Supreme Court To Define Jurisdiction Under The Civil Service Reform Act

By Tim Young

The Supreme Court heard arguments in the Elgin V. Department of Treasury case today to determine whether The Civil Service Reform Act of 1978 prevented federal employees who were terminated from obtaining federal district court review of the statute that caused their termination.

Michael Elgin, as well as three other federal employees, were terminated by their respective federal agencies after it was discovered that they had never registered with the selective service.  Elgin and two of the other petitioners stated that their failure to register was not knowing and willful because they had only become aware of the requirement after the age of 26.  At the time of his termination, Elgin had been an employee of the federal government for more than 16 years.

Elgin took his case to the Merit Systems Protection Board (MSPB), claiming that the federal act requiring registration with the selective service was unconstitutional because it only involves a specific group of men and therefore discriminates based on sex.

Lawyers for Elgin argued that the statutes governing the case did not preclude a federal employee from taking their case to federal district court.  They also argued that Congress, in enacting the law, never specified jurisdictional restraints either.

The Department of Treasury argued that the MSPB can make decisions in constitutional matters, which brought on many comments and questions from the Court, especially from Justice Kagan, who described that ability as “weird.”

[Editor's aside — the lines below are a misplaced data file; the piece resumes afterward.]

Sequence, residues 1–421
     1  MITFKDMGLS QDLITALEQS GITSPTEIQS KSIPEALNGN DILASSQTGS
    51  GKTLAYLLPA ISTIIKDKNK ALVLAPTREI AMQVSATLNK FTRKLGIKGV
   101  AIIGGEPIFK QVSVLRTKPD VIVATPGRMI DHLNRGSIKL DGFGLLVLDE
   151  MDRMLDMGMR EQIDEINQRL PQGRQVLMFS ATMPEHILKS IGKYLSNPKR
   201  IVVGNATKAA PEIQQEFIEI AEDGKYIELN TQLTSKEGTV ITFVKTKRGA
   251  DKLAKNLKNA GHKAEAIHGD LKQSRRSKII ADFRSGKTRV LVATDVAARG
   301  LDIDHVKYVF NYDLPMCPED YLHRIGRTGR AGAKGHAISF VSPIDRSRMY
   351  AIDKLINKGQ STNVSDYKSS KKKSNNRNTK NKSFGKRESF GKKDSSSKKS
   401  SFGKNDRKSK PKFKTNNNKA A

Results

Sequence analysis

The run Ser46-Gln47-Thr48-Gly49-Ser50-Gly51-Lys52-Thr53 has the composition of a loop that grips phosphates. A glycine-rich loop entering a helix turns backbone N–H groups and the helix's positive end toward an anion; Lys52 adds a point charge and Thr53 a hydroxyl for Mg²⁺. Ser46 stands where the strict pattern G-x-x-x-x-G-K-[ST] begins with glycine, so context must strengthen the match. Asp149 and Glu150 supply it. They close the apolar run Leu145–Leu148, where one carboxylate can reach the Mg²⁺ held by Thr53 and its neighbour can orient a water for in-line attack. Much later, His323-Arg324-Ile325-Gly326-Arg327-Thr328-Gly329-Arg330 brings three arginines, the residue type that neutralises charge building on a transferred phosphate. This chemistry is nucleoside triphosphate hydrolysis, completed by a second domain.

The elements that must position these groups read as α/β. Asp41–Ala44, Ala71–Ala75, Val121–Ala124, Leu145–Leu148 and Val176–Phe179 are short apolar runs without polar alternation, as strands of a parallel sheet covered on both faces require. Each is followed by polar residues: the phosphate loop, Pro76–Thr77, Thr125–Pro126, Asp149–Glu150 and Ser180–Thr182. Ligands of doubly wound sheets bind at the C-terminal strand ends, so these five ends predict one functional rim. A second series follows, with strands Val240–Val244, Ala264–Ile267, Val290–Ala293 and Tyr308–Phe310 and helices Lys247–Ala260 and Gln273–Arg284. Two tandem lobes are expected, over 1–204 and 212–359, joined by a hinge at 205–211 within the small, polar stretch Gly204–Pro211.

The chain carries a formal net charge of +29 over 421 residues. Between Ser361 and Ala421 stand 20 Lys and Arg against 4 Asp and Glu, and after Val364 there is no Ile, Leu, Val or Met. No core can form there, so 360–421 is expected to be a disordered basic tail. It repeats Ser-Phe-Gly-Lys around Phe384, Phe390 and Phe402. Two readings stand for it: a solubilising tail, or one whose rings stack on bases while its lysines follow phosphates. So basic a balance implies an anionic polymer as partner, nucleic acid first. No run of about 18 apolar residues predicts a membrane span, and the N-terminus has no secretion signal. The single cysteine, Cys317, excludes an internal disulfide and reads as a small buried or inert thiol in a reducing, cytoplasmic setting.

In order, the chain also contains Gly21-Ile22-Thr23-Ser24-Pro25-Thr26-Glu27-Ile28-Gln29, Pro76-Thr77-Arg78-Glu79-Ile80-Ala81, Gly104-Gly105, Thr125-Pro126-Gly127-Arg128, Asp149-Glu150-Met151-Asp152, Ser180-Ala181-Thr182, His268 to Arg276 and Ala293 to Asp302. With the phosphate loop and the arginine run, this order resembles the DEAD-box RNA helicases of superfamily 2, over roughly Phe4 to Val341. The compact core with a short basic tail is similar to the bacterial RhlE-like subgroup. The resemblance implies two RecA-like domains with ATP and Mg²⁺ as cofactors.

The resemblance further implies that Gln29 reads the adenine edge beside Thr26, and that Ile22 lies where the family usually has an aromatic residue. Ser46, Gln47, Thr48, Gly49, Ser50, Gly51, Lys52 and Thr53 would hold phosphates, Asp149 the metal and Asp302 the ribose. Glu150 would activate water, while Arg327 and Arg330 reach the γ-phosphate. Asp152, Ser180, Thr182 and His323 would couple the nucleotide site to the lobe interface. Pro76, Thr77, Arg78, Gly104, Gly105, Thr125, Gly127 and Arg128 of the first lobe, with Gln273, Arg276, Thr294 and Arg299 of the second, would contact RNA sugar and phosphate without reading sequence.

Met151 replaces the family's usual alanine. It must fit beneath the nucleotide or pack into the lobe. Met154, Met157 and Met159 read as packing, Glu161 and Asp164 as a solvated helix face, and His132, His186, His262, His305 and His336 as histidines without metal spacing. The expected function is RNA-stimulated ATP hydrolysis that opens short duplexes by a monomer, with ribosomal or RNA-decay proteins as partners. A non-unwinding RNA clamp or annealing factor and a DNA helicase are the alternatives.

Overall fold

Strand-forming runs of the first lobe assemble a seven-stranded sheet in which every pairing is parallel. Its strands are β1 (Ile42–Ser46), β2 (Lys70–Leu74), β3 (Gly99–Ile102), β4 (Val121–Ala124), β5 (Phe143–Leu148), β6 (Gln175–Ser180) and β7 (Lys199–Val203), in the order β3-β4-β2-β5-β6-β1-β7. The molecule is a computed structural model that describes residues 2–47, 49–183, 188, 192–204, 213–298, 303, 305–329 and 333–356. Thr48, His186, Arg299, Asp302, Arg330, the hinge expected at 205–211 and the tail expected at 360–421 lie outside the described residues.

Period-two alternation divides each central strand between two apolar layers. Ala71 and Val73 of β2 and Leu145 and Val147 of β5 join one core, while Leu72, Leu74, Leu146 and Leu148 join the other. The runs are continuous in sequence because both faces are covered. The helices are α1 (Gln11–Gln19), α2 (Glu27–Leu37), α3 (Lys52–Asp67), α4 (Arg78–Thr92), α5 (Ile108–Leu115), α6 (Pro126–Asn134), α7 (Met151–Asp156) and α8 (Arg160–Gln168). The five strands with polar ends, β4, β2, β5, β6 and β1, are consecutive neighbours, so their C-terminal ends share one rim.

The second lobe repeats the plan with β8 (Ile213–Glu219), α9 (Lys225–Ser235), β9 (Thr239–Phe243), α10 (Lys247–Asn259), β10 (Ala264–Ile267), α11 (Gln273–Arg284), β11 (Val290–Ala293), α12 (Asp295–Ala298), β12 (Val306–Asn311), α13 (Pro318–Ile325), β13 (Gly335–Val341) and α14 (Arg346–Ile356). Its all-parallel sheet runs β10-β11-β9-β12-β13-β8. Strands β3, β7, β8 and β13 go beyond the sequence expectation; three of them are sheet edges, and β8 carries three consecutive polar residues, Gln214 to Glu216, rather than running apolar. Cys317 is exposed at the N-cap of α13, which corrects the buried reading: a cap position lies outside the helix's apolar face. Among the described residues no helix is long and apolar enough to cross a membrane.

Questions from all the Justices continued to focus on why the MSPB would have the ability to make constitutional decisions and what type of employee can bring action in what jurisdiction.

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The World in 2:00 – November 25, 2015

The World in 2:00

The U.N. warns that political crisis in Burundi is dragging the country toward civil war.

DHS Releases Video On Refugee Vetting Process

Refugees wait for food deliveries at Syria's Yarmouk camp. February 26,2014. UN Photo/UNRWA.

“We can continue to ensure our own security, while doing our share to welcome refugees fleeing violence,” Secretary of Homeland Security Jeh Johnson said.

Wednesday, November 25

● USPIRG releases 30th annual toy safety report

● 86,000 Syrian immigrants live in the U.S.

● Atheist “nativity” celebrates Bill of Rights

● Doctors endorse wider use of generic drugs

● Post office starts “Letters FROM Santa”

● Girls’ toy list: Barbie soars as Frozen fades

Pentagon: Russian Jet Was Flying Over Anti-Assad Rebel Area

Pentagon press secretary Peter Cook said that U.S. forces heard the Turks give ten warnings to the two Russian pilots to leave the airspace.

Tunisia Declares State Of Emergency After Bus Blast Kills Presidential Guards

Tunisian President has declared a month-long state of emergency after the bus explosion carrying presidential guards killed 12 and injuring at least 17. Sources say the attack may have been linked the Islamic State group (ISIS).

Obama, Hollande: We Will Deliver Justice and Defend Our Nations

Hollande said France will not send ground troops into Syria and called again for a “joint response” to fight IS.